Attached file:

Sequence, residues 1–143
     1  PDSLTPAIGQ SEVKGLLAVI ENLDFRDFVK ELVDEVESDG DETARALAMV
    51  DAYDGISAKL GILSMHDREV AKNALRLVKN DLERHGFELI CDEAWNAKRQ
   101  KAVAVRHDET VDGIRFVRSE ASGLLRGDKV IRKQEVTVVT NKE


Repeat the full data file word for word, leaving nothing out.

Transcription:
Sequence, residues 1–143
     1  PDSLTPAIGQ SEVKGLLAVI ENLDFRDFVK ELVDEVESDG DETARALAMV
    51  DAYDGISAKL GILSMHDREV AKNALRLVKN DLERHGFELI CDEAWNAKRQ
   101  KAVAVRHDET VDGIRFVRSE ASGLLRGDKV IRKQEVTVVT NKE